With an updated dress code comes the opportunity to follow trends more freely

As Mrs. Flores-Dunda begins her new job as principal, the student body awaits with anticipation for an updated dress code.

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With an updated dress code comes the opportunity to follow trends more freely

As new trends are being set, more people find themselves being dress coded by the campus supervisors.

As new trends are being set, more people find themselves being dress coded by the campus supervisors.

Photo by Gisella Escobar

As new trends are being set, more people find themselves being dress coded by the campus supervisors.

Photo by Gisella Escobar

Photo by Gisella Escobar

As new trends are being set, more people find themselves being dress coded by the campus supervisors.

Story by Autumn Leader, Staff Writer

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   Though style and trends change with each generation, one thing remains the same: clothes are outlets of expression. This year, Mission Hills High School’s Principal, Mrs. Flores-Dunda, has made it her goal to update the elderly dress code, made before the school’s opening in 2004, for students and faculty. The dress code arguably started off more strict on females, however, it has slowly become more flexible for both genders throughout the years. Yet, there is still so much progress to be made.  

   “We just know that times are changing. I’m guessing it’s been several years, if not 15 years since the schools opened, maybe even longer than that if our dress code was adopted over here from San Marcos High,” Mrs. Flores-Dunda said. 

   Students claim to express themselves through their clothing, yet when there are so many restrictions, it can be challenging to do so: Youthful trends such as crop tops and short shorts are deemed inappropriate for a school setting.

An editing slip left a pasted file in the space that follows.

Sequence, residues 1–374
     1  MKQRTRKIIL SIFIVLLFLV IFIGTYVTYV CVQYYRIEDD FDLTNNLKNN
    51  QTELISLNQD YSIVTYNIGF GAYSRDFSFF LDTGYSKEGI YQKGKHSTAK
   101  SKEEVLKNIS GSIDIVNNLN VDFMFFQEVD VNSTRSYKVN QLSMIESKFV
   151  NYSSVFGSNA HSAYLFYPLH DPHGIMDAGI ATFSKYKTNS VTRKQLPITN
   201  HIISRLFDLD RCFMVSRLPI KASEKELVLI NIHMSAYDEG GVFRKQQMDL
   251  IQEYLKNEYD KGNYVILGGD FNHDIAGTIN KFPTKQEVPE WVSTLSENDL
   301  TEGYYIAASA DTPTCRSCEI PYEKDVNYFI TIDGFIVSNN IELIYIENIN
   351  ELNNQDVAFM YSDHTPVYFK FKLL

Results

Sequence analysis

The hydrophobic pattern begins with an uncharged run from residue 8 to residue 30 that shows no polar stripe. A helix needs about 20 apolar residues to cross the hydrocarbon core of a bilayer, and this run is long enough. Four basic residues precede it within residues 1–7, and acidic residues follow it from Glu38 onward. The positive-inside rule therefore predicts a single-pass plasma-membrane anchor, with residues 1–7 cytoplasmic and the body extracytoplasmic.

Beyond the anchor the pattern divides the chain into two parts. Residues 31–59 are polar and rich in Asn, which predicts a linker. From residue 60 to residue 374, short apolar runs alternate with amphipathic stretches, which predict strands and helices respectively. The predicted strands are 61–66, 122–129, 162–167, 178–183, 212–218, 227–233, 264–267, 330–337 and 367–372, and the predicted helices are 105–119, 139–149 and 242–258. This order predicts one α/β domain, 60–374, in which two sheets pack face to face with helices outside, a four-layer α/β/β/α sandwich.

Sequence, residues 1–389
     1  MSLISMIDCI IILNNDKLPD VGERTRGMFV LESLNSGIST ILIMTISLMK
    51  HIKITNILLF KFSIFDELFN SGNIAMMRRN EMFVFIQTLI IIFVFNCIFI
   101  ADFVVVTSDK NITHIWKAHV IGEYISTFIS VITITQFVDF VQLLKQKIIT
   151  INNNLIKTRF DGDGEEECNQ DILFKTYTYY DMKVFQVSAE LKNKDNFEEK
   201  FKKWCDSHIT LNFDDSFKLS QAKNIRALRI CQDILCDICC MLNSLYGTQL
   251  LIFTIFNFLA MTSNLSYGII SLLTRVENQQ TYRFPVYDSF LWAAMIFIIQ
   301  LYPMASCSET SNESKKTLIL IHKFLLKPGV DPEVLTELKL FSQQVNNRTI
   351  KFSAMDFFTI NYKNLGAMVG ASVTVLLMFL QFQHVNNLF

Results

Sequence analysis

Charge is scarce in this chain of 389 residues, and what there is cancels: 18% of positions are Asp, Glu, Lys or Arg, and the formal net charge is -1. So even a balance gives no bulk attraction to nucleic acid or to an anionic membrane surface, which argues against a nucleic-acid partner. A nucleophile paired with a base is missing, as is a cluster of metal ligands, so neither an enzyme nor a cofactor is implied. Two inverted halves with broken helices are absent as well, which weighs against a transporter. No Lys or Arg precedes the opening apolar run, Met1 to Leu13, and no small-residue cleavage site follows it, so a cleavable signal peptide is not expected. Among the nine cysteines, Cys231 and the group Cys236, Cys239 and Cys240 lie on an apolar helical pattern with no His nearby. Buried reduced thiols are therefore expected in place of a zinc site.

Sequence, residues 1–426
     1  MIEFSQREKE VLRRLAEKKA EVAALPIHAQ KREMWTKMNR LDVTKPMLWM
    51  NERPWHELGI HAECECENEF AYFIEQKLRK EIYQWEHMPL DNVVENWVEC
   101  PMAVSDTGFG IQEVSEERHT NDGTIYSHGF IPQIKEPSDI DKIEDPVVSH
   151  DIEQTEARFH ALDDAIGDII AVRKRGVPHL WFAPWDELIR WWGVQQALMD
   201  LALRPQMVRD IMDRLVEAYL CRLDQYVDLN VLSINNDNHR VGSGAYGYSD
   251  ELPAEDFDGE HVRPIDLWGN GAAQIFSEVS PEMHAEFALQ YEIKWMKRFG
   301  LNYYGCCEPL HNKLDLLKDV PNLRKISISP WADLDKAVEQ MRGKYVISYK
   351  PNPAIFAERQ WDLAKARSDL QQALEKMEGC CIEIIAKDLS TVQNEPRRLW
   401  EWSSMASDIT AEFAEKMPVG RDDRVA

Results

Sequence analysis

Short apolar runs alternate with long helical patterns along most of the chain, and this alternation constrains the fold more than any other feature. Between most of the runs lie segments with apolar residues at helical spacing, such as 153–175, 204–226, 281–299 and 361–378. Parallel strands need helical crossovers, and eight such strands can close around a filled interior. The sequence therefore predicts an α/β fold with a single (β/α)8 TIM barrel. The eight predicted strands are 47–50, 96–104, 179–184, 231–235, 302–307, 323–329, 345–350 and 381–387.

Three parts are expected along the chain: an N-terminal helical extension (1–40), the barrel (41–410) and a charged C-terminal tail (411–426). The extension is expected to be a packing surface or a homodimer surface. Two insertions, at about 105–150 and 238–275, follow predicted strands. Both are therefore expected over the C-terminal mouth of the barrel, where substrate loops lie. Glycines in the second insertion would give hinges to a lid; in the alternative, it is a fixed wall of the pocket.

I’m guessing it’s been several years, if not 15 years since the schools opened, maybe even longer than that if our dress code was adopted over here from San Marcos High,”

— Mrs. Flores-Dunda

   “In my opinion, I have always liked to keep our school classy, not trashy, and I think that a lot of it is important. The way they’ve always done it in schools is we’re supposed to look professional to a certain point because you are coming to school. Boys have to follow the dress code too, not just girls. I’m doing my job. I don’t make the rules, I just enforce them,” said Lori Brown, a campus supervisor. 

   The school board claims to protect women from being objectified. On the other hand, many females feel restrained by the dress code as they are not given a more flexible and understanding dress code to be able to express themselves at school.

   “The problem with the dress code is the difference between how it affects girls versus guys…Why should we be the ones who are forced to change when the real problem is the way guys view women; We need to change that, not how girls dress,” Chloe Toper (11) said.

   Seeing that women are the predominant group restrained by the dress code and men are being blamed for a large part of it, there is an inconvenience both ways. Administration tends to exaggerate how men look and think about women based on their clothing. With the controversy surrounding the dress code, there lies a greater issue in the conditioning of men, and the restrictions placed on women.

Have you ever been dress coded? Do you think it was for a fair reason?

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